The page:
Animals were anesthetized by intraperitoneal injection of sodium pentobarbitone before exsanguination by arterial perfusion via the abdominal aorta with phosphate-buffered saline at a constant pressure of 100 mm Hg, with outflow through the incised jugular veins. This was followed by constant pressure perfusion with either 10% formalin or 4% paraformaldehyde and 10% sucrose, in phosphate-buffered saline.
Brachiocephalic arteries were embedded in paraffin or optimum cutting temperature compound (BDH Laboratory Supplies). Sections were cut at 3 μm for paraffin-embedded sections and 6 μm for optimum cutting temperature compound–embedded sections, every 30 μm along the vessel. Sections were stained with hematoxylin and eosin, or Miller’s elastin/van Gieson stain.
Identification of Plaque Rupture
Sections stained for elastin were inspected for the presence or absence of plaque rupture, which was defined as a disruption of the fibrous cap accompanied by intrusion of blood products into the plaque itself. Because intraplaque hemorrhage can only occur during life, this definition prevents misinterpretation of post mortem tissue lysis as plaque rupture.
Brachiocephalic artery plaques were sampled at the site of acute plaque rupture, where one was present. In most cases, this was within the proximal 10% of the vessel. In vessels without acute ruptures (intact), samples were taken from the proximal 10% also. One vessel cross-section was quantified per mouse. Analysis was performed with a computerized image analysis program (Image Pro Plus, DataCell). The following parameters were measured: plaque cross-sectional area, media cross-sectional area, percentage occlusion of the lumen by plaque, the number of buried fibrous caps, current fibrous cap thickness, and percentage lipid content of the plaque.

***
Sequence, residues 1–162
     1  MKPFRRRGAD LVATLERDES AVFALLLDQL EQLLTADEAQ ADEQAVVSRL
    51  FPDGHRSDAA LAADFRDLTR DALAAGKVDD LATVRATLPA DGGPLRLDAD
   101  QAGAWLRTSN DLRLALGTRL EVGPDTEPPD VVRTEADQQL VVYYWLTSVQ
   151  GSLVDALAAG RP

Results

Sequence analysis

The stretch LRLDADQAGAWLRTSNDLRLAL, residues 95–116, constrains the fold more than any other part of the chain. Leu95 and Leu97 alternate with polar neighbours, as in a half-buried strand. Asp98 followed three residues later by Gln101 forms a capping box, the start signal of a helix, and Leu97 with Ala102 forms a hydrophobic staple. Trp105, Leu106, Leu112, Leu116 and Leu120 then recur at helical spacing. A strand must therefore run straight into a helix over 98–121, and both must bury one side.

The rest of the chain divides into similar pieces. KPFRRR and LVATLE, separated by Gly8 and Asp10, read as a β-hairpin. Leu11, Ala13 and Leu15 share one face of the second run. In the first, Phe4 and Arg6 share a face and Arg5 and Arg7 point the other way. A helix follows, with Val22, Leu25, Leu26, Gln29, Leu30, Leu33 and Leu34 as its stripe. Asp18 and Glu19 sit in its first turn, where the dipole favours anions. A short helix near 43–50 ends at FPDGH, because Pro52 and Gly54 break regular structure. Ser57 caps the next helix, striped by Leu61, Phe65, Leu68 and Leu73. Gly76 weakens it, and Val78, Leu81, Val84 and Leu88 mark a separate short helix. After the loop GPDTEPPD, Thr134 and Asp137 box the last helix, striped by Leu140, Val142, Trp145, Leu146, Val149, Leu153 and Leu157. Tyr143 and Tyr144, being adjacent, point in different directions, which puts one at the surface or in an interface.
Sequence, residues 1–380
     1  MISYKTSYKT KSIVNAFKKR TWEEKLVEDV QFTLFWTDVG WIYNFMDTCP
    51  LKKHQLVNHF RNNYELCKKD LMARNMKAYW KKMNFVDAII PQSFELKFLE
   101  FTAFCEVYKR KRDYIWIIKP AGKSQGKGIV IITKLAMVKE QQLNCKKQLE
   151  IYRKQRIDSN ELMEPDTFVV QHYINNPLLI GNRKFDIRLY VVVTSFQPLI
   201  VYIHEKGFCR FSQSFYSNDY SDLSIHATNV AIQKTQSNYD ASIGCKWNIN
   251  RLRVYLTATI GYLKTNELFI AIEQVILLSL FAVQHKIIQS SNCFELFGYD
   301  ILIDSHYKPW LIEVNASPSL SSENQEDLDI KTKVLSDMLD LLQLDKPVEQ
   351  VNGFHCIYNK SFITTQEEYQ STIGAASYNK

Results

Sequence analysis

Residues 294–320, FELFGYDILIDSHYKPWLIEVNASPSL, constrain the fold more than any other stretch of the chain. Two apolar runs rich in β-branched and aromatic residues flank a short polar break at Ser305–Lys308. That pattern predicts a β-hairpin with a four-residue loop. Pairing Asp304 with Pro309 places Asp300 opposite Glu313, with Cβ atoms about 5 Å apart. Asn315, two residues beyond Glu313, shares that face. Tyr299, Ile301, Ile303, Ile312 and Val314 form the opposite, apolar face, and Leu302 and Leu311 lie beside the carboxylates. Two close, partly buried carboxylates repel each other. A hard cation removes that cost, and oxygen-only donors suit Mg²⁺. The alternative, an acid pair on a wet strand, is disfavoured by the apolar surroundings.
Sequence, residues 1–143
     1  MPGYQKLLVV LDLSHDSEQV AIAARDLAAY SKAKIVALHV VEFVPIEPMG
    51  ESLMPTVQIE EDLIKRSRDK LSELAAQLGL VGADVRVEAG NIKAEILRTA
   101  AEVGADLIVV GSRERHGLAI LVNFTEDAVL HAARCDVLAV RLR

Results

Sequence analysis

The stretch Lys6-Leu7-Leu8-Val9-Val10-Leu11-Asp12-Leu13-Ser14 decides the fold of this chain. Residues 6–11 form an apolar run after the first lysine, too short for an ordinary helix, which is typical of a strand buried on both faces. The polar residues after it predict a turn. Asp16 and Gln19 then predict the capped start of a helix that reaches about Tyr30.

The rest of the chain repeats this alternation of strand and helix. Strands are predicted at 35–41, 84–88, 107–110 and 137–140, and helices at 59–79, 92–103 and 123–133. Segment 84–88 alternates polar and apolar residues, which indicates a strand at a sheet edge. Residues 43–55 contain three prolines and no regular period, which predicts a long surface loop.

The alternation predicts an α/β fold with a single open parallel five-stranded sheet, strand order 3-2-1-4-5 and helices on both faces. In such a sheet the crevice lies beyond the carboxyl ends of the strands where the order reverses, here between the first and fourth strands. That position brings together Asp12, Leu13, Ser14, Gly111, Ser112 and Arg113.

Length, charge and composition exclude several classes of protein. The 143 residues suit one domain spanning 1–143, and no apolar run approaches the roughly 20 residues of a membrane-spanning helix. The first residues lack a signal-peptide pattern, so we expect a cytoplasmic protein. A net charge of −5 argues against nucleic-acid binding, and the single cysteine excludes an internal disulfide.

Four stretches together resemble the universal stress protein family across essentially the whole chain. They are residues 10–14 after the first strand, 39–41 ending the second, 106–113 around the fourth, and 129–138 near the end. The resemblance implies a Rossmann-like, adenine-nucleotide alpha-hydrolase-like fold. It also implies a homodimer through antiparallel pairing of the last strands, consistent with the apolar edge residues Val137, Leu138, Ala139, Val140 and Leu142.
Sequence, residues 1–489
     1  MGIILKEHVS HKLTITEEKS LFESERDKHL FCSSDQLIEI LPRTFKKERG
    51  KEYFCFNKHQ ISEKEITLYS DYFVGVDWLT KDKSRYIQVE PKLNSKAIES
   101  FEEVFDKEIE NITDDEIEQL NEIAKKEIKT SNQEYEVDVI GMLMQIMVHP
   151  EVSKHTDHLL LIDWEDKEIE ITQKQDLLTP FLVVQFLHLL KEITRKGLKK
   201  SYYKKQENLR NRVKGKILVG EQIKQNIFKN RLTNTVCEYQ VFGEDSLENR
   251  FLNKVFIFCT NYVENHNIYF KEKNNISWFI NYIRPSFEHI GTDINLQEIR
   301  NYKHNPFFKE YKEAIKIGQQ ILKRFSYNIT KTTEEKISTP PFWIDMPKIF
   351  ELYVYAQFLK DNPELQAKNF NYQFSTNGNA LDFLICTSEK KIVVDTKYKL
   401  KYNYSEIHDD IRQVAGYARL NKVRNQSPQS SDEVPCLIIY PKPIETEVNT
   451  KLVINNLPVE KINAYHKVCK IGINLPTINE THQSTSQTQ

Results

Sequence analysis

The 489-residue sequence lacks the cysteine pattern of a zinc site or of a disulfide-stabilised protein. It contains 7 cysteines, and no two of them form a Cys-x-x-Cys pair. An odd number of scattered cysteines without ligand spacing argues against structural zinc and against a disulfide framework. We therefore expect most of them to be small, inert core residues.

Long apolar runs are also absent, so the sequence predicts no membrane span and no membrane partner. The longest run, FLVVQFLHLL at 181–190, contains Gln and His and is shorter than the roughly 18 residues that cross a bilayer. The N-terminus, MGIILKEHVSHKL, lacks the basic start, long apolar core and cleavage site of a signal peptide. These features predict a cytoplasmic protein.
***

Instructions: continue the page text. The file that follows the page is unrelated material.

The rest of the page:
Mean values for ruptured plaques were compared with those for intact plaques using a t test, after having performed an F test for homogeneity of variances. When variances were not significantly different, Student’s t test was used; when the variances were different, Welch’s t test was used. The incidence rates for plaque rupture were compared by using the Fisher exact test. Correlations were tested using Pearson’s parametric method. Significance was concluded when the two-tailed P value was less than 0.05. Values are expressed as mean±SEM.
Of the 98 mice, 64 died suddenly and 34 underwent scheduled terminations. Figure 1 shows the distribution of sudden deaths over time, in the form of a survival curve. The average time of sudden death was 28.9±1.7 weeks of high-fat feeding. There was no difference in the average time of sudden death between animals with intact and animals with ruptured lesions (27.3±2.9 and 30.2±2.0 weeks, respectively, P=0.41).
Morphological characteristics of plaques were compared in the brachiocephalic arteries of animals that died suddenly or underwent scheduled termination. Perhaps surprisingly, there was no difference in the length of the internal elastic lamina (sudden death, 6854±197 μm; termination, 6615±276 μm; P=0.406); indeed, there were no significant differences in any parameter (data not shown), so data from animals that died and animals that were terminated were combined to analyze differences between ruptured and intact plaques.
After histological analysis, 51 of the 98 mice (52%) were found to have an acutely ruptured atherosclerotic plaque in the brachiocephalic artery. Examples of these ruptured lesions are shown in Figure 2. The incidence of rupture did not differ between animals that died suddenly (35 of 64) and those that had been terminated (16 of 34, P=0.53, Fisher exact test).
There was no gender difference in the incidence of plaque rupture: 28/51 males and 23/47 females were found to have ruptured plaques (P=0.69, Fisher exact test).